They had no neighbors to speak of, or seldom to. Occasionally they ran into people in the lift and both parties would smile cautiously. Once they had asked some newcomers on their floor around to sherry, but he had turned out to be what he called "a big band freak" and she had been a dental receptionist with a timeshare in Portugal, so one way and another it had been an awkward evening and they had never repeated the experience. These days the turnover of tenants seemed increasingly rapid and the lift more and more wayward. People were always moving in and out again, some of them Arabs.

"I mean," said Mrs. Ransome, "it's getting like a hotel."

"I wish you wouldn't keep saying 'I mean,' " said Mr. Ransome. "It adds nothing to the sense."

He got enough of what he called "this sloppy way of talking" at work; the least he could ask for at home, he felt, was correct English. So Mrs. Ransome, who normally had very little to say, now tended to say even less.

When the Ransomes had moved into Naseby Mansions the flats boasted a commissionaire in a plum- colored uniform that matched the color of the building. He had died one afternoon in 1982 as he was hailing a taxi for Mrs. Brabourne on the second floor, who had forgone it in order to let it take him to hospital. None of his successors had shown the same zeal in office or pride in the uniform and eventually the function of commissionaire had merged with that of the caretaker, who was never to be found on the door and seldom to be found anywhere, his lair a hot scullery behind the boiler room where he slept much of the day in an armchair that had been thrown out by one of the tenants.

On the night in question the caretaker was asleep, though unusually for him not in the armchair but at the theater. On the lookout for a classier type of girl he had decided to attend an adult education course where he had opted to study English; given the opportunity, he had told the lecturer, he would like to become a voracious reader. The lecturer had some exciting though not very well formulated ideas about art and the workplace, and learning he was a caretaker had got him tickets for the play of the same name, thinking the resultant insights would be a stimulant to group interaction. It was an evening the caretaker found no more satisfying than the Ransomes did Così and the insights he gleaned limited: "So far as your actual caretaking was concerned," he reported to the class, "it was bollocks." The lecturer consoled himself with the hope that, unknown to the caretaker, the evening might have opened doors. In this he was right: the doors in question belonged to the Ransomes' flat.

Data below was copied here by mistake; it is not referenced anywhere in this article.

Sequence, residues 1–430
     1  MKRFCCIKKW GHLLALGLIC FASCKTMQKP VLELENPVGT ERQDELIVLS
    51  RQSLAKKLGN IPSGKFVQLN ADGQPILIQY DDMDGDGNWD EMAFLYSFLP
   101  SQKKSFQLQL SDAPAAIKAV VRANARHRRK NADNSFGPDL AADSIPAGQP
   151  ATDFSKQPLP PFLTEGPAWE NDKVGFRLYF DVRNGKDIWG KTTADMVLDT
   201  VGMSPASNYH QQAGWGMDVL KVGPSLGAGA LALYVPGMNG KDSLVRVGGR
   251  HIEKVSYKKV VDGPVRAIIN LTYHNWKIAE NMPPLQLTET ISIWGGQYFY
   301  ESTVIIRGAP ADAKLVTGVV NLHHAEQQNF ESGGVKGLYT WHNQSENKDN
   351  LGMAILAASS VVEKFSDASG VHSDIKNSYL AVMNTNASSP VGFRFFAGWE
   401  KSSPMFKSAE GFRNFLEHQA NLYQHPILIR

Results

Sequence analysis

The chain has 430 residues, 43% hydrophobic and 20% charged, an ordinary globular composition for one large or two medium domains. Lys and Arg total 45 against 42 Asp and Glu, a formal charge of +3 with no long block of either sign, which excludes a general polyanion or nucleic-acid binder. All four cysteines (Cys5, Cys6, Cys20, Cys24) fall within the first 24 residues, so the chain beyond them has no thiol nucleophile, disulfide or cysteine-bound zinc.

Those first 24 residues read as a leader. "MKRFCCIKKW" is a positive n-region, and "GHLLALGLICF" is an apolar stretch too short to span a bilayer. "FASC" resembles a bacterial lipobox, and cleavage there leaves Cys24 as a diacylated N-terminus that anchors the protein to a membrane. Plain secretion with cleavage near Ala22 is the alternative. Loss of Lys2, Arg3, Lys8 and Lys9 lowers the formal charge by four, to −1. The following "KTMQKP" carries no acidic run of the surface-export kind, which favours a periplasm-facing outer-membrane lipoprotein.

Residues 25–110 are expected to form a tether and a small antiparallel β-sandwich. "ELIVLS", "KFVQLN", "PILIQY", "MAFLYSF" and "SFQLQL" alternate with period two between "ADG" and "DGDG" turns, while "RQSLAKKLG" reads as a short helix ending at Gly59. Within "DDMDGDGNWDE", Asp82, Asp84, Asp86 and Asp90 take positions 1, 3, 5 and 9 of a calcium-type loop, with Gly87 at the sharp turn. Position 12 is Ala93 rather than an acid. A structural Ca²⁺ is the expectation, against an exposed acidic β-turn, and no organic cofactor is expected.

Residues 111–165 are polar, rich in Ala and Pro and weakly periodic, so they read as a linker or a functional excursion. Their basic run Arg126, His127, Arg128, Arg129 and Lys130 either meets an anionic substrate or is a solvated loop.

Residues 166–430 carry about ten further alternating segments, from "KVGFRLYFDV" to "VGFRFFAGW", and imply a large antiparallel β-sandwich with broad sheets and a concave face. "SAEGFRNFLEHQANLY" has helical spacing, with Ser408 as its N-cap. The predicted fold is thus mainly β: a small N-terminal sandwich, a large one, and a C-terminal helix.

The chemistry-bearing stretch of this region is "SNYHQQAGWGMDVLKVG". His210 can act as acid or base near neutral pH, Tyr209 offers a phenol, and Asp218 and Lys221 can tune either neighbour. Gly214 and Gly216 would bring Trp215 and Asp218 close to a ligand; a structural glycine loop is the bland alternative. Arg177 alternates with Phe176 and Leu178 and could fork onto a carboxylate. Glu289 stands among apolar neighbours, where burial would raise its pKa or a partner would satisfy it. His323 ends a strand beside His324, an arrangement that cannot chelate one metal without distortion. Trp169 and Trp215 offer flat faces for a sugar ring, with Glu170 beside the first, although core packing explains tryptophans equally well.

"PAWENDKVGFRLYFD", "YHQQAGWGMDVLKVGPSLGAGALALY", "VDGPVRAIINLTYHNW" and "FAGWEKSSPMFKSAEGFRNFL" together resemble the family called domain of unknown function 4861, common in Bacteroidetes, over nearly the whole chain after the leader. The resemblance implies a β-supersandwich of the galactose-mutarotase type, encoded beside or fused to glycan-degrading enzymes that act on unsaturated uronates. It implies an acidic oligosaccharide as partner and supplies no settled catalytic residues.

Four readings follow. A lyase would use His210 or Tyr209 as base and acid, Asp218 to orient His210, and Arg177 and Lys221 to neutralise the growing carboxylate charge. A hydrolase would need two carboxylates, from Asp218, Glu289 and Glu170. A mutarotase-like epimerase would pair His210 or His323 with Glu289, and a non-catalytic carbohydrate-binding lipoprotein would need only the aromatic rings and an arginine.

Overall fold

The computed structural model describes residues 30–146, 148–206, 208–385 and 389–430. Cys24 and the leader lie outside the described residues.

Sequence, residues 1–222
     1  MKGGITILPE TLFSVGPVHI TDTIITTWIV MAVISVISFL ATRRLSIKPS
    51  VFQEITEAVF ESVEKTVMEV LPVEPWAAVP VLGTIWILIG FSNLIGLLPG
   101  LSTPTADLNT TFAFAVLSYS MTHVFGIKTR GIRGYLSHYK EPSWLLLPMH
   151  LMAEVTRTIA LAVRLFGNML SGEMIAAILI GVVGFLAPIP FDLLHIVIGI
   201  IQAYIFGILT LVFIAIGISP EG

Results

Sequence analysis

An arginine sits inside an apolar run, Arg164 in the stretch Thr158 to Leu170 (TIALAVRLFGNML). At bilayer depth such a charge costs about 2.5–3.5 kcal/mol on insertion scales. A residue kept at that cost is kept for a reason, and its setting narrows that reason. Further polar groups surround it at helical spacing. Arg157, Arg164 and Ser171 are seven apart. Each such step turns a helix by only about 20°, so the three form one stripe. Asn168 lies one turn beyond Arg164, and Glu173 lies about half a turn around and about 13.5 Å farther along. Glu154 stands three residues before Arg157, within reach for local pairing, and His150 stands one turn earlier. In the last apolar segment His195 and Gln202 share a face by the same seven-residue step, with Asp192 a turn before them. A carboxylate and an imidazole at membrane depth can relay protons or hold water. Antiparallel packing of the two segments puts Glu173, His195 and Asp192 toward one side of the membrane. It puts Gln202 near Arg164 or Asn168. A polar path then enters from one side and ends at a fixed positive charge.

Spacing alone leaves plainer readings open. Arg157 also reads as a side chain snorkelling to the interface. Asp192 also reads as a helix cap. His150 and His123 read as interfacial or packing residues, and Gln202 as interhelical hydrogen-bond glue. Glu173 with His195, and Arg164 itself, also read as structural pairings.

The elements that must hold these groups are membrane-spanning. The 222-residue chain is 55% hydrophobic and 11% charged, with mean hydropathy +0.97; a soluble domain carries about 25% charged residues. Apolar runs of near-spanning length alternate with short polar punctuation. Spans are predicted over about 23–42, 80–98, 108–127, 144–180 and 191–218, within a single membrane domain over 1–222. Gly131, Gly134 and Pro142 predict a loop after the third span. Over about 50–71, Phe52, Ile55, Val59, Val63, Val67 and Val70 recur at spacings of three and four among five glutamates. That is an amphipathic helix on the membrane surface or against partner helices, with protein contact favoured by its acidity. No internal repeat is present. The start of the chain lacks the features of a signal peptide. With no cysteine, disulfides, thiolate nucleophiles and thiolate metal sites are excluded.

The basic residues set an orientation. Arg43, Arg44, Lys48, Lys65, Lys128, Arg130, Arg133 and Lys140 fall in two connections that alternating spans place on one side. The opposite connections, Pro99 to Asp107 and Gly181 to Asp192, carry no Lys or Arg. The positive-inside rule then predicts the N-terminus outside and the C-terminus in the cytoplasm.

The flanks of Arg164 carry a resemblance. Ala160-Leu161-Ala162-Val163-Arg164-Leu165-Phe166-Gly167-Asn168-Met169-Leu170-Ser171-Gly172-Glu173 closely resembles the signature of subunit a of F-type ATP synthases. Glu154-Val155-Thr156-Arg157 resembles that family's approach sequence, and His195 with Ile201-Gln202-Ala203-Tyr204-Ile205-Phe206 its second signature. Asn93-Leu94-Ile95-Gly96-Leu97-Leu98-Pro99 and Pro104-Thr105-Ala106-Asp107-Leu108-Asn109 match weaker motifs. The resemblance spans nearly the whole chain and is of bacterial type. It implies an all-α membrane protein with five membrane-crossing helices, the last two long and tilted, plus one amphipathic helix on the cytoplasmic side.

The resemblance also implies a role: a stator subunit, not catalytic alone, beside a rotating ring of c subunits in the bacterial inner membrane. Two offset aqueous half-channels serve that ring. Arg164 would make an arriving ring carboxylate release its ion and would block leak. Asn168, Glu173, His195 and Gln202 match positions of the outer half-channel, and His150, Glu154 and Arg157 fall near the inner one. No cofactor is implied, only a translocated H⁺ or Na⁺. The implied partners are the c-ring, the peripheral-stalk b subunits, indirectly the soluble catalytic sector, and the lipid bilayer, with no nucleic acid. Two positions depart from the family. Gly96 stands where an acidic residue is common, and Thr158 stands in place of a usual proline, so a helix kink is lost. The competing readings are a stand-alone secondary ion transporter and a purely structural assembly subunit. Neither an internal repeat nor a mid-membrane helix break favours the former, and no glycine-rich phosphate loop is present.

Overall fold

About the Author

Alan Bennett is the author of the number-one British bestseller Writing Home. He is a renowned playwright and essayist, whose screenplay for The Madness of King George was nominated for an Academy Award.

Product Details

ISBN:
9780812969658
Manufactured:
Random House
Publisher:
Random House Trade Paperbacks
Author:
Bennett, Alan
Location:
New York
Subject:
General
Subject:
London
Subject:
Married people
Subject:
Middle aged persons
Subject:
Eccentrics and eccentricities
Subject:
Homeless women
Subject:
Burglary
Subject:
Domestic fiction
Subject:
London (england)
Subject:
General Fiction
Subject:
Literature-A to Z
Subject:
Literary
Copyright:
Edition Description:
Trade paper
Series Volume:
no. 2
Publication Date:
20021101
Binding:
Paperback
Grade Level:
General/trade
Language:
English
Pages:
240
Dimensions:
8.04x5.14x.52 in. .39 lbs.

Other books you might like

  1. The Laying on of Hands: Stories Used Hardcover $5.95
  2. The Secret Life of Bees
    Used Trade Paper $1.95
  3. The Emperor of Ocean Park: A Novel Used Trade Paper $2.50
  4. Out Stealing Horses
    Used Trade Paper $7.50
  5. Drinking Coffee Elsewhere
    Used Trade Paper $3.95
  6. Had a Good Time: Stories from... Used Trade Paper $3.50

Related Subjects

Fiction and Poetry » Literature » A to Z

The Clothes They Stood Up In/The Lady in the Van Used Trade Paper
0 stars - 0 reviews
$2.95 In Stock
Product details 240 pages Random House Trade - English 9780812969658 Reviews:
spacer
spacer
  • back to top
Follow us on...




Powell's City of Books is an independent bookstore in Portland, Oregon, that fills a whole city block with more than a million new, used, and out of print books. Shop those shelves — plus literally millions more books, DVDs, and gifts — here at Powells.com.